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Stoic market reaction to Paris attacks, but choppy days ahead

The reaction in the markets to the sad events in Paris has been stoic and full of resolve.

Gary Dugan

Published: Updated:

The reaction in the markets to the sad events in Paris has been stoic and full of resolve. At one level, there has been shock and horror that, for instance, the terrorists responsible for last weekend’s outrage had been operating under the noses of Europe’s security services, yet during and immediately after the events they effected some successful raids against the perpetrators. Markets and strategists are attempting to get their heads around how to make allowances for such risks, to whatever extent they are able to. It might seem illogical (or cynical), but the reality seems to be that the inexperienced heads in the market initially sell, or mark prices much lower, and then seasoned veterans step in and buy, usually for a short-term trade. Eurozone equities closed up 3.2% over the week.

The U.S. Federal Reserve in reality continues to be in a very tight spot, between the proverbial ‘rock and a hard place’. The FOMC postponed hiking when the U.S. economy was running at annualized growth of 3.9% growth, due to the perceived threat to Europe from the Greek situation, then because of economic weakness in the world economy, and specifically because of the Chinese stock market debacle. As a result the Fed is well and truly ‘behind the curve’, not a comfortable place for central bankers. The publication last week of the FOMC minutes from the October meeting all but confirmed the Fed is very likely to raise rates next month, “provided that unanticipated shocks do not adversely affect the economic outlook". Rather like a fund manager who has had a poor third quarter (and who tries to ‘catch up’ in the final quarter), the mere existence of being behind the curve increases the likelihood of a problematic outcome; as we and others have said, U.S. rates need to come off the floor, as possibly substantial misallocations of resources and fund flows have already resulted, one of the costs inherent in saving the financial system after the Great Recession.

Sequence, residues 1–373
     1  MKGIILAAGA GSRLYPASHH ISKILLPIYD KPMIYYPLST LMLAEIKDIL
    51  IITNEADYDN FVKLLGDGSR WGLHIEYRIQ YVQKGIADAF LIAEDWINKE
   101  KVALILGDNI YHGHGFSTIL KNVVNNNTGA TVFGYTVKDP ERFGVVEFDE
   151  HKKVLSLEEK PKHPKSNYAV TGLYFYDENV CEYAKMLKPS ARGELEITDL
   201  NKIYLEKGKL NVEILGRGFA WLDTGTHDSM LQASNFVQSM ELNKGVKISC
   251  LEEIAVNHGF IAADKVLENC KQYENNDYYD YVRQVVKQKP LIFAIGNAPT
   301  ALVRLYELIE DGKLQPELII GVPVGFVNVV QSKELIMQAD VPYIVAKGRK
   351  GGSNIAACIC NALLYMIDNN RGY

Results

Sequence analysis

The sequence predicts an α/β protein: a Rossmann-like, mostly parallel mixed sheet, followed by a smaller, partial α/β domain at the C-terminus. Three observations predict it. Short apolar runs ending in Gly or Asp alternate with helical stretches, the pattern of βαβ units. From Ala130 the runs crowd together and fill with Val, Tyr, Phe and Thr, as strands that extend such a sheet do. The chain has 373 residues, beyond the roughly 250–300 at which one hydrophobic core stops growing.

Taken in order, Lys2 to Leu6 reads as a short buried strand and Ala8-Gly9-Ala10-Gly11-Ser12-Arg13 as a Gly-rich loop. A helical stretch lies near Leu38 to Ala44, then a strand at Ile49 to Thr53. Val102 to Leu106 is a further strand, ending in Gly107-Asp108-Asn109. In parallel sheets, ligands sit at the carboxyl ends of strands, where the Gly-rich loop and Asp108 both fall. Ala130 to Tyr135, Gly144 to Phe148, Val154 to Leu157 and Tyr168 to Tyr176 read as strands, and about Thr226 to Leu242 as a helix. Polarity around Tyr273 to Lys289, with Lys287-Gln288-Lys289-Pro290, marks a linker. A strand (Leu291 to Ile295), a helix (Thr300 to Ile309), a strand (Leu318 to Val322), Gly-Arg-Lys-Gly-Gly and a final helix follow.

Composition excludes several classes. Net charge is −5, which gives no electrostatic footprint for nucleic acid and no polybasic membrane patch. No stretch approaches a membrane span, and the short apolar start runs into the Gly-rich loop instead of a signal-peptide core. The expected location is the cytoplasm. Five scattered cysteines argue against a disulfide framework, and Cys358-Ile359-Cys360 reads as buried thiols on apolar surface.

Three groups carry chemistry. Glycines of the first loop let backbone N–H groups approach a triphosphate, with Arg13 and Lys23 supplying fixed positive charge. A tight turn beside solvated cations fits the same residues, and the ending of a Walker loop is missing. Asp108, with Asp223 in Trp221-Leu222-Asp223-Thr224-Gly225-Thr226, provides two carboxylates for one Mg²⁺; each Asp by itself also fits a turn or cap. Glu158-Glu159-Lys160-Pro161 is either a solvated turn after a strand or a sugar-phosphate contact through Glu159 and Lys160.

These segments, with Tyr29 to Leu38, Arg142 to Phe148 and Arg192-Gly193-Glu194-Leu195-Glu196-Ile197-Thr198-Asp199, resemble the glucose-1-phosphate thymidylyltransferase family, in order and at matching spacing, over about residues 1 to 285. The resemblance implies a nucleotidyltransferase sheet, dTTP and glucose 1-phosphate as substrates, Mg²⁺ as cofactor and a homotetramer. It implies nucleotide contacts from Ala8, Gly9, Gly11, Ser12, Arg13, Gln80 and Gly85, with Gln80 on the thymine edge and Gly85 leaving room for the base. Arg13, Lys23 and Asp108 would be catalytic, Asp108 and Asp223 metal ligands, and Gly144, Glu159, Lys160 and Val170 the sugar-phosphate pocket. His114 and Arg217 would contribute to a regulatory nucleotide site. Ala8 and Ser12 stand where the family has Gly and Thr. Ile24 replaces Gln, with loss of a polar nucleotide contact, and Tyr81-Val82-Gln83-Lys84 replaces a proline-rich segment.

Market correction

Assuming the Fed raises next month, and given they are now under significant pressure to do so, markets could well correct badly if for some reason they don’t. In short, market participants now need that rate rise. U.S. equities had a very good week, closing 3.3% ahead, following some bad weeks, and following Europe’s lead. Any judgement by investors that a rate rise will have little adverse impact on the market could be correct, but only in the very short-term - the testing period will come afterwards, moving into 2016. Fed funds futures currently indicate a 70% probability of a move by the Fed at the December meeting.

At the same time, investors and strategists are now beginning to talk about a normal cyclical downturn in the U.S. economy, and no longer in such hushed tones. Earnings forecasts on the S&P500 have turned downwards, partially due to dollar strength harming export revenues, plus the effect of foreign earnings upon translation. Seasoned investors know that the probability is that it only gets worse from here. In market terms a perfect storm could be brewing, and not just due to an earnings downturn; rates coming off the bottom will reduce the present value of future earnings and cashflows, and that is before one factors in the political uncertainty going into next year related to the U.S. Presidential Election. Of course political uncertainty is a prime enemy of P/E multiples. Meanwhile, we note that U.S. junk bond yield spreads have recently risen sharply, with S&P apparently expecting junk bond defaults in the U.S. to rise to 3.3% by autumn next year (up from 1.4% in 2014), and only partly due to the energy sector.